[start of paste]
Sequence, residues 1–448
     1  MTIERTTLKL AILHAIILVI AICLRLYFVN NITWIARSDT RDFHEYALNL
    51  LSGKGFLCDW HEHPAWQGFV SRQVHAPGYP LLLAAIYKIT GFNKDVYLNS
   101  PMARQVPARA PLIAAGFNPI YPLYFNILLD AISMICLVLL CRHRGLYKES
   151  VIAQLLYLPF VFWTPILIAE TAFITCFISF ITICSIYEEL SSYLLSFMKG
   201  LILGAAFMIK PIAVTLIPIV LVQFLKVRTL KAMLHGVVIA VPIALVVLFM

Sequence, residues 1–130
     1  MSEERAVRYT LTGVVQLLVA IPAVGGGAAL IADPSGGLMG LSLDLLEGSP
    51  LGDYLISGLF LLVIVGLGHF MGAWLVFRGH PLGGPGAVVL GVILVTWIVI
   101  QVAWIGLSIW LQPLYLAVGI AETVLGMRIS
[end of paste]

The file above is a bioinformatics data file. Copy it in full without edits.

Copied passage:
Sequence, residues 1–448
     1  MTIERTTLKL AILHAIILVI AICLRLYFVN NITWIARSDT RDFHEYALNL
    51  LSGKGFLCDW HEHPAWQGFV SRQVHAPGYP LLLAAIYKIT GFNKDVYLNS
   101  PMARQVPARA PLIAAGFNPI YPLYFNILLD AISMICLVLL CRHRGLYKES
   151  VIAQLLYLPF VFWTPILIAE TAFITCFISF ITICSIYEEL SSYLLSFMKG
   201  LILGAAFMIK PIAVTLIPIV LVQFLKVRTL KAMLHGVVIA VPIALVVLFM

Sequence, residues 1–130
     1  MSEERAVRYT LTGVVQLLVA IPAVGGGAAL IADPSGGLMG LSLDLLEGSP
    51  LGDYLISGLF LLVIVGLGHF MGAWLVFRGH PLGGPGAVVL GVILVTWIVI
   101  QVAWIGLSIW LQPLYLAVGI AETVLGMRIS